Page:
Message 4 of 15 , Sep 2, 2005
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            Hi wood burners,
            My dual fuel stove is pretty light and gets the job done. It's
            similar to Rick's coffee can wood stove but uses a 10 oz chix can
            with 9 air holes around the bottom. It contains the wood fire under
            and holds my water pot. I use my platypus drinking tube for a
            bellows. The can and coat hanger wires weigh 1.8 oz. A small pleated
            piece of heavy foil(1gm) holds an esbit tab closer to the pan and I
            put the short ends of the wires in the rim holes so there is a small
            air gap at top(won't burn without)and pan is close enough to esbit.
            Wood fire for supper and esbit for breakfast or in the rain. A 5 oz
            chicken can or 6oz COS salmon can stove weighs 1.1 oz and is just
            the right size for a 26oz beer can pot. Cans do rust and on a long
            hike might need to be replaced periodically.
            Patti


            --- In hammockcamping@yahoogroups.com, "dlfrost_1" <dlfrost@a...>
            wrote:
            > --- In hammockcamping@yahoogroups.com, "Ray Garlington"
            > <rgarling@y...> wrote:
            > > > I am going back to the small wood stove I made a few
            > > > years ago and see if I can up-grade the basic design
            > > > idea.
            > > be sure to take a look at Rick's web page about his wood
            stoves.
            > He
            > > had some really good ideas. I shouldn't admit this, but I have
            > > purchased a JetBoil.
            >
            > I've caught the woodstove bug as well. It turns out that there's
            a
            > small army of people out in the world working on how to make
            cheap,
            > efficient wood/biomass-fueled stoves, mostly for the third-world
            > poor. Huge amounts of info on the net too--lots of calculations
            > already worked out, plans, etcetera. The trick for backpackers is
            > getting the weight down while retaining the efficiency. (If I
            come
            > up with anything I'll put it online.) Anyone have any
            > recommendations as to which stove list/forum is the best?
            >
            > Doug Frost
          • Sandy Kramer
            about 6 years ago i arrived in oregon with the screw-on (propane butane) stove but the KOA didn t carry them and i had to drive around portland til i finally
            Message 5 of 15 , Sep 2, 2005
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              about 6 years ago i arrived in oregon with the screw-on (propane butane) stove but the KOA didn't carry them and i had to drive around portland til i finally found an outfitters.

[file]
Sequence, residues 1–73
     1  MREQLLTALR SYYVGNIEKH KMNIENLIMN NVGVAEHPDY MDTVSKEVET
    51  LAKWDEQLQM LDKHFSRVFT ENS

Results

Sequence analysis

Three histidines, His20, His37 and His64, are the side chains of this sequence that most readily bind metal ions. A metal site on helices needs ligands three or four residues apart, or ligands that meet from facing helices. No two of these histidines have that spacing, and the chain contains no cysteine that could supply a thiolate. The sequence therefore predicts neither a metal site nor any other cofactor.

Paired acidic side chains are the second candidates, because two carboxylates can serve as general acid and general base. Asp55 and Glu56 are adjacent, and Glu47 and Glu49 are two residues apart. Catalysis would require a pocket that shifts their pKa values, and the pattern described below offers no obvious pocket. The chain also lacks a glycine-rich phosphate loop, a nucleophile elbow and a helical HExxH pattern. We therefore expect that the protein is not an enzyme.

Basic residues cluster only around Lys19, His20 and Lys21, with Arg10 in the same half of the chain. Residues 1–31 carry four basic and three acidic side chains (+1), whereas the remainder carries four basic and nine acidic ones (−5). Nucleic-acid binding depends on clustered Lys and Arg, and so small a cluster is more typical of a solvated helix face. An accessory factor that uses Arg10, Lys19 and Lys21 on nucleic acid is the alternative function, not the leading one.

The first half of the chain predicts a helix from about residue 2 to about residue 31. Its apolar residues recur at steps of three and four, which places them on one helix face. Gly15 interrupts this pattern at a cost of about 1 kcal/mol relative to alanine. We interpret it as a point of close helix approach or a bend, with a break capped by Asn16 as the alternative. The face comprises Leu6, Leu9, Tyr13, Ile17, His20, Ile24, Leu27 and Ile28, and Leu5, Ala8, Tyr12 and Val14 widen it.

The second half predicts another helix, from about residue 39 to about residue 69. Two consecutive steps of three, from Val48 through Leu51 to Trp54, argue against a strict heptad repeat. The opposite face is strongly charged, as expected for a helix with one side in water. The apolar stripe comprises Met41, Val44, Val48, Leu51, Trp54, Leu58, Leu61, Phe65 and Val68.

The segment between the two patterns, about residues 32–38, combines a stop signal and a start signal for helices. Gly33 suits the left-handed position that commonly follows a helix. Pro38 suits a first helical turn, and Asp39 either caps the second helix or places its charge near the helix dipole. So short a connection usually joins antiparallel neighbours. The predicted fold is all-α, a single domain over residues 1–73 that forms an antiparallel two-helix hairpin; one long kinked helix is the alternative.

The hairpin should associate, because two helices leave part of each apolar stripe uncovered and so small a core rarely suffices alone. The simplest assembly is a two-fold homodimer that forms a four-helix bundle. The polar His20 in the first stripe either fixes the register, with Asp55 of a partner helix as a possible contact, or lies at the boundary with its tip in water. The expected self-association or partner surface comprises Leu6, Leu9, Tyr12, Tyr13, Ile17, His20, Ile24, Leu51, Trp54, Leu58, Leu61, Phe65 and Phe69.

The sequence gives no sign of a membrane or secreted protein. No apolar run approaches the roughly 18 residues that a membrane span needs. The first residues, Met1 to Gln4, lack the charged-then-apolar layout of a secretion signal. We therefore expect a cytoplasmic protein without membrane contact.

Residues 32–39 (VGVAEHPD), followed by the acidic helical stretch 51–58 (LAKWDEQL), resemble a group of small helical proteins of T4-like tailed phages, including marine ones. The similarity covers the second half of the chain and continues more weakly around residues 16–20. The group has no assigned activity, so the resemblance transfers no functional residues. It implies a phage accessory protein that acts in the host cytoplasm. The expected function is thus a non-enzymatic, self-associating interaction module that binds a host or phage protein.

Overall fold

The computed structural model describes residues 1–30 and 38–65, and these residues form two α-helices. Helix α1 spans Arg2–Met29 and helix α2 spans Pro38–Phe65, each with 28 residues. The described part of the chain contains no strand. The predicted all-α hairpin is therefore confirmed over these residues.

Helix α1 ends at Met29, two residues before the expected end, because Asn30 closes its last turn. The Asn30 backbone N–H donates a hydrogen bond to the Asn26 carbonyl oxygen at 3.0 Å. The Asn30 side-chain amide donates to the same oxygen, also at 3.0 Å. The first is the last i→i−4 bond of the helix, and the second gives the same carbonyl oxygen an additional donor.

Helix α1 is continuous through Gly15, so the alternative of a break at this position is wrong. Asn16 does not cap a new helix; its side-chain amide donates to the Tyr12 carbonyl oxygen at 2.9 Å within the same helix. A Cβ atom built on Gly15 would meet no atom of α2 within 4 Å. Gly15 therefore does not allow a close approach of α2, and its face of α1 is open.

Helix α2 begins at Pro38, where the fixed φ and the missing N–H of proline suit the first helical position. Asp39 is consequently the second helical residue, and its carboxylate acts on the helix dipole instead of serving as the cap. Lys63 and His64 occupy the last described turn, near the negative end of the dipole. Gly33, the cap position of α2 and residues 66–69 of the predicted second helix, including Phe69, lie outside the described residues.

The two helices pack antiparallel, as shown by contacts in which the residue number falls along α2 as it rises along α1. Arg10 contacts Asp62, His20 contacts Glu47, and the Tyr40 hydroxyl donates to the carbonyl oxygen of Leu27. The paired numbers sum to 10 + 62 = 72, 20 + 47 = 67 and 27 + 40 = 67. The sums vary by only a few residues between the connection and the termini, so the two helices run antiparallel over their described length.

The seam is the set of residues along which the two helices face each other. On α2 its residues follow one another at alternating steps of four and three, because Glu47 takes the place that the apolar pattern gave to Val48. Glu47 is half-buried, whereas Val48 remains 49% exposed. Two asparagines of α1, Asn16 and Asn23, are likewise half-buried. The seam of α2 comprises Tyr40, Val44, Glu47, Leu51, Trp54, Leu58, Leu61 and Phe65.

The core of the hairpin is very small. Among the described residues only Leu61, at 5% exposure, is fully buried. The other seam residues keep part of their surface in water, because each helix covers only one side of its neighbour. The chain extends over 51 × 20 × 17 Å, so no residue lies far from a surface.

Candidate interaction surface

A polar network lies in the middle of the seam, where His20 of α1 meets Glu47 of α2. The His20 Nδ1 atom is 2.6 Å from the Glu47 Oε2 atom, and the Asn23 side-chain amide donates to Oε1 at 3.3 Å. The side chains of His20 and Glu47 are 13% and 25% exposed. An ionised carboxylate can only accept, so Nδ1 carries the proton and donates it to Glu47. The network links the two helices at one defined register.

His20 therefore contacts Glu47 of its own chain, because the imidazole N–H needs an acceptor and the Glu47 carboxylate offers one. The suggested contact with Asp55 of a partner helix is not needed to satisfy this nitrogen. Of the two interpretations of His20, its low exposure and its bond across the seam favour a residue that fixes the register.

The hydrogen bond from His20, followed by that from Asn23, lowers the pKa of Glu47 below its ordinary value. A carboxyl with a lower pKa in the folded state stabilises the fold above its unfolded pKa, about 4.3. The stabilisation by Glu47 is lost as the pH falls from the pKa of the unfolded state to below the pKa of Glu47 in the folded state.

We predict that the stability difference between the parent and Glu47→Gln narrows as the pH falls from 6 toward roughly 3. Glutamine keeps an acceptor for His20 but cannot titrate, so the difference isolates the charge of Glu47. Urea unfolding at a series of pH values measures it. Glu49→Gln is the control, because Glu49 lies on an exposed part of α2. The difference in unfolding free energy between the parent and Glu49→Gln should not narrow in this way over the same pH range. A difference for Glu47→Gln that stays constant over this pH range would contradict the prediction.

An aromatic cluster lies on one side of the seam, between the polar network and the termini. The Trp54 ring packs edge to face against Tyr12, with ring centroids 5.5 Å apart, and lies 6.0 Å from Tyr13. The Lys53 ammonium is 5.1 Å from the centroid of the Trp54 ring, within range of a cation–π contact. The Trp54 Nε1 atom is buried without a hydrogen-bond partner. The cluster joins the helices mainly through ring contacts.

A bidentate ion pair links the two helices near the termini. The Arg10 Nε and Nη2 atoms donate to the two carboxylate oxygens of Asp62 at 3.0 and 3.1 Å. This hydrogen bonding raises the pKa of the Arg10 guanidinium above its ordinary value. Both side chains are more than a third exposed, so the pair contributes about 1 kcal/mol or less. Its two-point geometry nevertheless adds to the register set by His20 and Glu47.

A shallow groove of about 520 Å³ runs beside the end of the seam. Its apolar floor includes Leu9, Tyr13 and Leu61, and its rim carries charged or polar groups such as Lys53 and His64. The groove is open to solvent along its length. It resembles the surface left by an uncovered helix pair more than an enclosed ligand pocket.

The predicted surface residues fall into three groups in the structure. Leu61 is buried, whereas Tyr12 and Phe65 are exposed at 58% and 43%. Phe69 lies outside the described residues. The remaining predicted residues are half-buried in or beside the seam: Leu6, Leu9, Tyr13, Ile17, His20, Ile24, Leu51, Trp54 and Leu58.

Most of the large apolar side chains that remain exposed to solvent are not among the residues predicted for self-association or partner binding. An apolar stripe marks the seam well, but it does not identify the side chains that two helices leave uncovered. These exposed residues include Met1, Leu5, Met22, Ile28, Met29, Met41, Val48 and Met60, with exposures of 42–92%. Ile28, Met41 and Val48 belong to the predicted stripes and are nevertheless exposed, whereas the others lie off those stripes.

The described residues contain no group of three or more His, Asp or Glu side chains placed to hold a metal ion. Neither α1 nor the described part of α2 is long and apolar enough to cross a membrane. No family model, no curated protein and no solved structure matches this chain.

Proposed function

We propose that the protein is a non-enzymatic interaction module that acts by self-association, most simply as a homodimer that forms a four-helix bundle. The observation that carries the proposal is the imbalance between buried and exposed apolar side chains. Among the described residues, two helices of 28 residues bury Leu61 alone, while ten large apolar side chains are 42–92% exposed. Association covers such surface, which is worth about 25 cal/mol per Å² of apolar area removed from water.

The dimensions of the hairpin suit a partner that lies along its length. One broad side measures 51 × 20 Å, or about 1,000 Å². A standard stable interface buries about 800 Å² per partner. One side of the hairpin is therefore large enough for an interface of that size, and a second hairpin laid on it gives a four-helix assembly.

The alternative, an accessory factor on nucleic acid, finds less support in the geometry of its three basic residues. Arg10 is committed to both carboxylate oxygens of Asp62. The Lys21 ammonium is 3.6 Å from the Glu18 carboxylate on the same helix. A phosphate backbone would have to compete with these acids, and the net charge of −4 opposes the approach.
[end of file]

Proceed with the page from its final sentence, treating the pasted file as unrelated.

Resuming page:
so i jumped when sportsmansguide had an alcohol and a wood-burning stove at really cheap prices. but, true to most of their stuff, lightweight is not a feature.

              the alcohol is a cute little cup with a lid - the legs twist out - and it comes in a "leather" bag/

              the wood one is really neat since it folds flat like a narrow paperback and also has a bag... i believe both have "loops" so you can hang onto belt or pack.

              but i haven't had to use them...and am concerned about availability of denatured alcohol...I will take them on my next fly 'n camp trip, where weight is not an issue.

              i tried a brief google but couldn't find them...i'm going kayak camping next weekend so i'll take them along to try them out.

              Bill Fornshell <bfornshell@...> wrote:
              My old wood stove weighs 6.5oz. I am working on a new
              design with some different materials and the new stove
              should weigh a little less. The 6.5oz weight does not
              count the battery for the small fan I use. I also use
              the battery for my LED.

              My wood stove's like my new alcohol stoves are
              designed to use modern combustion theory and
              techniques.

              Bill in Texas



              Sandy Kramer
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            • zippydooda
              HEET in the yellow bottle from an auto parts store or WalMart. Bill in Houston
              Message 6 of 15 , Sep 2, 2005
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                HEET in the yellow bottle from an auto parts store or WalMart.

                Bill in Houston

                --- In hammockcamping@yahoogroups.com, Sandy Kramer <sandykayak@y...>
                wrote:
                >and am concerned about availability of denatured alcohol...